For many adults who didn’t grow up using public transportation, getting them to do so now is an uphill battle, especially in a place like Sacramento where we lack a culture of transit use. But with the recent hire of Henry Li as CEO for Regional Transit, the Golden 1 Center inviting a new crowd to take light rail downtown and an ongoing interest in sustainable modes of traveling, the time has never been better for the Capital Region to prioritize public transportation.
Walking into the Sacramento warehouse where Kelly and Russell Conroy house their woodworking company, Timber + Main, it’s easy to see the source of their inspiration. Salvaged wood slabs, planks and posts rest against the walls just waiting to be turned into something sustainable, beautiful and functional.
Seasons Coffee is gearing up to serve at Midtown Sacramento’s performing artist haven, E. Claire Raley Studios for the Performing Arts on N Street. The exact timeframe for Seasons’ opening remains to be determined, but with the signing of this lease, the CLARA facility is now fully-leased. And the transformation of the 100-year-old former school into an artistic hub for the city is just about complete.
Blogging is a burgeoning business, but networking, education and support for bloggers are sorely lacking. Kachet Jackson-Henderson, a blogger herself for the last five years, has a solution. She’s launching The Blog Bloc, a business organization and networking opportunity for bloggers and online influencers in the Sacramento region and beyond.
Andrew Hargadon, faculty director of the Mike and Renee Child Institute for Innovation and Entrepreneurship at UC Davis, gives his insight into how what it means to be an entrepreneur has changed. For more from Hargadon, check out “It’s Show Time!” in our April issue.
If you’re texting and driving, Sarah Morell might be recording you. She’s usually riding shotgun, as her husband drives, with her camera phone, ready to catch traffic safety violators on video. Her 6-year-old daughter’s in on the action too.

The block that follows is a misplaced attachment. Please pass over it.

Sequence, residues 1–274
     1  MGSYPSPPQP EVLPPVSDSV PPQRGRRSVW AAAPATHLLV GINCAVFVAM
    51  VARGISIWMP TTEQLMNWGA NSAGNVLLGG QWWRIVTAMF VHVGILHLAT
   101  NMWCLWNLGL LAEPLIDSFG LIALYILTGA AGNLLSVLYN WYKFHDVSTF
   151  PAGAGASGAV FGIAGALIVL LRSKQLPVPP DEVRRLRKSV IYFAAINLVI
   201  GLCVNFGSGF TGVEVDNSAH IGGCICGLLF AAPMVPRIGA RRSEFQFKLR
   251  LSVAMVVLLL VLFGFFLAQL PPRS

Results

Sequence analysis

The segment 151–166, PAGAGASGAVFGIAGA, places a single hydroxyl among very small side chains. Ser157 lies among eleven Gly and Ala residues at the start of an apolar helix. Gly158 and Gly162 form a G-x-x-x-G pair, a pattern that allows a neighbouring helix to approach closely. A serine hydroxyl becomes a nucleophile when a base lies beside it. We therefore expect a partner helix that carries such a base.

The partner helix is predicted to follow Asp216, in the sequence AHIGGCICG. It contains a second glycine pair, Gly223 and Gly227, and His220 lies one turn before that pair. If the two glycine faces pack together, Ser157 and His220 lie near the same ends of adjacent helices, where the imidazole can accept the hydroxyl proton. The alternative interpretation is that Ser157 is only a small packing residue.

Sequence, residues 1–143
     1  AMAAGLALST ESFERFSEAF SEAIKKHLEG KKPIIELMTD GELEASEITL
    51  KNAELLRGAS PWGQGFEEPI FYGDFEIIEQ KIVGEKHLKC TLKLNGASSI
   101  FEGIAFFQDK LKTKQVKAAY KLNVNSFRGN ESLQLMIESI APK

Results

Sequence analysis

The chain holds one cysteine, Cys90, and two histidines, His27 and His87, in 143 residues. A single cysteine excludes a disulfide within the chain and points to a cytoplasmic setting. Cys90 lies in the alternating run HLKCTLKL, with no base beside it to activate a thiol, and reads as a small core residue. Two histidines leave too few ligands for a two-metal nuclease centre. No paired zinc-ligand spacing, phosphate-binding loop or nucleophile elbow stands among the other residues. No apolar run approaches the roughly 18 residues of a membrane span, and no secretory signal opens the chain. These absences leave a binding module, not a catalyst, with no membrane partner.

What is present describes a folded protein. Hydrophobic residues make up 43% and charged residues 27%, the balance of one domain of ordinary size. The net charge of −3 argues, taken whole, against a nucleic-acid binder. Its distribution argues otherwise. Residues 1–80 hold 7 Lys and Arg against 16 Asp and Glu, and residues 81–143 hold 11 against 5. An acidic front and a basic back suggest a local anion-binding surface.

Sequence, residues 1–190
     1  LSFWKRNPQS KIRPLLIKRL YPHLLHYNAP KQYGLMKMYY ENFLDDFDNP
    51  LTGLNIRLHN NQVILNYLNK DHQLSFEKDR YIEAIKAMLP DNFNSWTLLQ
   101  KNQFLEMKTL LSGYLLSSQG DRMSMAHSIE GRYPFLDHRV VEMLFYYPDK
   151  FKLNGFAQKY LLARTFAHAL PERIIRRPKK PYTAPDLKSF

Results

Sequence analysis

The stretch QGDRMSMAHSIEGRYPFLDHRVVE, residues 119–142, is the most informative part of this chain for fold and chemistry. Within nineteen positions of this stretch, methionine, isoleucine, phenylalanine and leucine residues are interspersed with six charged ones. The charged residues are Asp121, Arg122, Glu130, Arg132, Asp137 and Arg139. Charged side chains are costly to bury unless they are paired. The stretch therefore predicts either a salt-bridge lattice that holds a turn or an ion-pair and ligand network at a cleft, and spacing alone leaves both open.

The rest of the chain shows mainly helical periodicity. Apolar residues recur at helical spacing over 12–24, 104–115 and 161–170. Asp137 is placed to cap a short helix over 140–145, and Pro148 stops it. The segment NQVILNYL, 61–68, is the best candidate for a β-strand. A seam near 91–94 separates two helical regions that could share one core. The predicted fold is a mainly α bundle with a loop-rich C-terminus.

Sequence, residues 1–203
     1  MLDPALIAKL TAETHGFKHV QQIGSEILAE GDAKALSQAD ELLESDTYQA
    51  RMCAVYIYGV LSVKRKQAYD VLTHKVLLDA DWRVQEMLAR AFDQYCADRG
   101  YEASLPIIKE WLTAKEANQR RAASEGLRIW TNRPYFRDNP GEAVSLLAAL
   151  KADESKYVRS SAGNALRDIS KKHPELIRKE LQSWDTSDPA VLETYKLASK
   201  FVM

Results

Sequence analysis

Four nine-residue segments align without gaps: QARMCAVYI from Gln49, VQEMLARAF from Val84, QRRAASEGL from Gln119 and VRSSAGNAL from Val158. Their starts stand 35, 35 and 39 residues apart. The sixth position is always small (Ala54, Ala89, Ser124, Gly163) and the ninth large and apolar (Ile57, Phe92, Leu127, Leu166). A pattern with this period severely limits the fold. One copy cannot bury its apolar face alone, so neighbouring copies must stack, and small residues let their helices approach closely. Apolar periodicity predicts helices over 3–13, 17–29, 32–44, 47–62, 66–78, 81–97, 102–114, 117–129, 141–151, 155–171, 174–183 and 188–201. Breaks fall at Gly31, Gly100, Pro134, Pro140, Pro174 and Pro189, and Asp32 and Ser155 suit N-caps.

Having a robust agricultural industry has meant accommodating crops and livestock by forcing out wildlife. Before farming came to the region 150 years ago, waterbird habitat was primarily provided by wetlands. Now managed wetlands make up only about one-third of their habitat in California and rice fields comprise nearly 60 percent.
To be disruptive now means to change things, to get people to look at something in a new light. (I’d like to go back and convince my 6-year-old self that it’s actually a good trait that got me sent to the time-out chair.)
Like all jargon, “disruption” started out well-intentioned: Who doesn’t want to be the one with the fresh vision of how things could be — not how they are?
On this episode of Action Items, communications strategist Cassandra Pye and Josh Wood, CEO of Region Business join host Tre Borden to discuss the fragile mixing of politics with business.
Actual experts of business creation express concern that media’s flashy portrayal of handsome entrepreneurs, disruptive products and instant investment glosses over the unglamorous learning process vital to any new business.